Sunday Race Memories: Great North 10k 2016

Ah, the Great North 10k 2016. Known in my world as ‘the one where I came last out of thousands of people’, and also ‘the one where that was actually a good thing because being last in a race of that magnitude turns out to be a special experience in itself’.

Great North 10k 2016
Out on my own at the back of the race. Photo by Ian Harman Photography.

I finished this race in 1:40:38; this was within the cutoff time so I avoided the ignominy of the sweeper bus, though it came perilously close at times. I realised as soon as I set out from the start line, with everybody else zooming off at a much faster pace than me, that I was going to be among the last finishers, but I didn’t expect the course to look so empty so quickly. By about 1k in, there were only about five other runners in sight. ‘That’s what happens to the hare!’ joked one of them as we passed a dead rabbit. We were most definitely the tortoises on that day.

Another kilometre in, and I had lost sight of the remaining runners in front of me; those behind me never reappeared, so they must have dropped out. However, the majority of the Great North 10k route is an out-and-back, so there were plenty of runners coming back the other way, many of whom gave me encouragement as I struggled along the first half of the course. I even got a high five from local fundraising hero Big Pink Dress! As I approached the turnaround point, though, the crowd quickly thinned out and it became apparent that I was a long way behind everyone else. I kept glancing around to see how much space was between me and the sweeper bus, and started to get a bit nervous.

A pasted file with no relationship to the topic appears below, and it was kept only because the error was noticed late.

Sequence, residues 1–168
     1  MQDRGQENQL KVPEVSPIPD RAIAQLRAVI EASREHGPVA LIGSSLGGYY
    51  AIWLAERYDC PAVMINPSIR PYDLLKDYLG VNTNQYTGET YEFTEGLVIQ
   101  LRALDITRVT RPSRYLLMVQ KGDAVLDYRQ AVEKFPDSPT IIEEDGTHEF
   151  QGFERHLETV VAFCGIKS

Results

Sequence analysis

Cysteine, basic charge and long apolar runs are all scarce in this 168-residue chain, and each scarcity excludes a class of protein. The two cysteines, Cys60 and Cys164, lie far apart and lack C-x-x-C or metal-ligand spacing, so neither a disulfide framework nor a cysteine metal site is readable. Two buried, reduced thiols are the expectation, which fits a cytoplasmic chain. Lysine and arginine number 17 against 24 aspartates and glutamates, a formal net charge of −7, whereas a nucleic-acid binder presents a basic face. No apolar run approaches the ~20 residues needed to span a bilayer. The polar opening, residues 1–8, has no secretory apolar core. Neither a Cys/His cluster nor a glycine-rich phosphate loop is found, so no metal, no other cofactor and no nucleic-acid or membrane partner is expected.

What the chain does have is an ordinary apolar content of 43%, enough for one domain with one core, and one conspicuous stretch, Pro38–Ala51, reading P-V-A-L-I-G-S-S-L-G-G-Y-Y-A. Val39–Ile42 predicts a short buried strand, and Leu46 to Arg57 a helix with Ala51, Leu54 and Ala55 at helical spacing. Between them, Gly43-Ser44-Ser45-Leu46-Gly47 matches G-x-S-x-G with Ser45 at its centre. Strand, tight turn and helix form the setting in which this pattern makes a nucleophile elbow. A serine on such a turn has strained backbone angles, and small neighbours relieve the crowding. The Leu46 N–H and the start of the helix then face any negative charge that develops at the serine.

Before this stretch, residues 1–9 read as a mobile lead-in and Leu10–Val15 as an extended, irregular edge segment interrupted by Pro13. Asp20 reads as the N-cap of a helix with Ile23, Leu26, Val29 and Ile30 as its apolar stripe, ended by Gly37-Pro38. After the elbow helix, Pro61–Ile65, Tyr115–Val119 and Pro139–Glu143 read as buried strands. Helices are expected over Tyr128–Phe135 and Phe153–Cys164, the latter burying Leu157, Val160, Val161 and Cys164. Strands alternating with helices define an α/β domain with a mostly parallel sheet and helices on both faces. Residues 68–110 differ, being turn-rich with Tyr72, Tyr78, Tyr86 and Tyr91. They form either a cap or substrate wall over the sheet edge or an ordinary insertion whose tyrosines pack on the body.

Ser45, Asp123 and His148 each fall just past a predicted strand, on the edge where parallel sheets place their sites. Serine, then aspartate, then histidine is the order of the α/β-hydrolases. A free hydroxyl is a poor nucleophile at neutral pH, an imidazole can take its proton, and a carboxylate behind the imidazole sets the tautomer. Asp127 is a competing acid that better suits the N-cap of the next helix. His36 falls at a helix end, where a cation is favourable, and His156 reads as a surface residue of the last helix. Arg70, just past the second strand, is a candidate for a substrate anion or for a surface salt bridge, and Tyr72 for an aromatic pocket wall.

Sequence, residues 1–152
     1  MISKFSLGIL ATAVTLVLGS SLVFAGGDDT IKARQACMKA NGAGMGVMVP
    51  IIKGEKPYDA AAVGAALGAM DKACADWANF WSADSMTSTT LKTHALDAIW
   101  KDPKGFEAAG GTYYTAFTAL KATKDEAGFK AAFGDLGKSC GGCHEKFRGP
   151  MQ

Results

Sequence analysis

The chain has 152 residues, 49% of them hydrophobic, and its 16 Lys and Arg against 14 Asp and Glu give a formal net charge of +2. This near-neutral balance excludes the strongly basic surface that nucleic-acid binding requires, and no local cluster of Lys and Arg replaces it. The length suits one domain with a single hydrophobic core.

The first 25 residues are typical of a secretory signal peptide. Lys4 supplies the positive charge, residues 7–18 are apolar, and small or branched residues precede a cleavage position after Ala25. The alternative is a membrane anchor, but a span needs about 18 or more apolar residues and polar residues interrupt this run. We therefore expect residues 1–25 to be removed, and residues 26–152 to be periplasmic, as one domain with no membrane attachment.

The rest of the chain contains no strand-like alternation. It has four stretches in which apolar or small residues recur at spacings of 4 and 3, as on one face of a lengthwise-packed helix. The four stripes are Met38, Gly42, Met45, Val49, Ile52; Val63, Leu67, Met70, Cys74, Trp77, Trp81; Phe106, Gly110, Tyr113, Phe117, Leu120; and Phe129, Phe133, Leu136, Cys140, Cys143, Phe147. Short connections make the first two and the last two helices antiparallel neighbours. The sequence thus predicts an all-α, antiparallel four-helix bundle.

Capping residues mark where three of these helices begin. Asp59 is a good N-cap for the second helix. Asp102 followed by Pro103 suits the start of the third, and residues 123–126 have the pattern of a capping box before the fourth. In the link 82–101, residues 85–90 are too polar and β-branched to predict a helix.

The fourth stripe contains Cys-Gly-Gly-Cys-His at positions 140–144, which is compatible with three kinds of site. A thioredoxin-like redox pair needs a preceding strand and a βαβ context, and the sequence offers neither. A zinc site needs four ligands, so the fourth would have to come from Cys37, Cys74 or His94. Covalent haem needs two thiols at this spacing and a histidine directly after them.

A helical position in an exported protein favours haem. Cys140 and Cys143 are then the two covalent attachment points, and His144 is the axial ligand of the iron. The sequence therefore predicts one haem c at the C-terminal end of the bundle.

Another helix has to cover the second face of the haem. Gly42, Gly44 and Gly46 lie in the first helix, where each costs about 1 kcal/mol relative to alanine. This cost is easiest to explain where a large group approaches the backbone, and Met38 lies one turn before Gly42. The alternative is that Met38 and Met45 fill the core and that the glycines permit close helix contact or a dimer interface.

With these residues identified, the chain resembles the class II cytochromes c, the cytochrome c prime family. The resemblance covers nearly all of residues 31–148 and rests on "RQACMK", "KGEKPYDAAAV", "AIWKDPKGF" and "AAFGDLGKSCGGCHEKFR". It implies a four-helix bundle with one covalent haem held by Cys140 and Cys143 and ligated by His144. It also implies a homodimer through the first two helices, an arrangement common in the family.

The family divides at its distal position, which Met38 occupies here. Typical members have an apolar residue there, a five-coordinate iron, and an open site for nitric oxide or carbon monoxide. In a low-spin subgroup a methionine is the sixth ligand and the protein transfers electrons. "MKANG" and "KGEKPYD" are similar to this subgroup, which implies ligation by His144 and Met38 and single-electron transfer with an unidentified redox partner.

For the rest of the race, I was accompanied by the back markers on their bikes, so it wasn’t a totally lonely experience. I had to take quite a lot of walk breaks as my hip was really hurting (I had a lot of problems with it before I lost weight), but eventually I made it to Gateshead Stadium, where the finish line was waiting for me on the track. As I staggered into the stadium, I heard my name announced, then the opening bars of ‘Chariots Of Fire’ sounded over the speaker system… and I found that somehow, I did have a sprint finish in me after all, haring down the track towards the finish line to the sound of the Vangelis classic. Nobody was more surprised than the back markers who’d been patiently watching me trundle along for the last hour or so!

I don’t think I’ll ever be last in a race again (or I hope not at least – I have improved quite a lot since those days, even if I am still pretty slow!). However, I’m really glad that I was, once. It’s a special experience that most runners won’t have.

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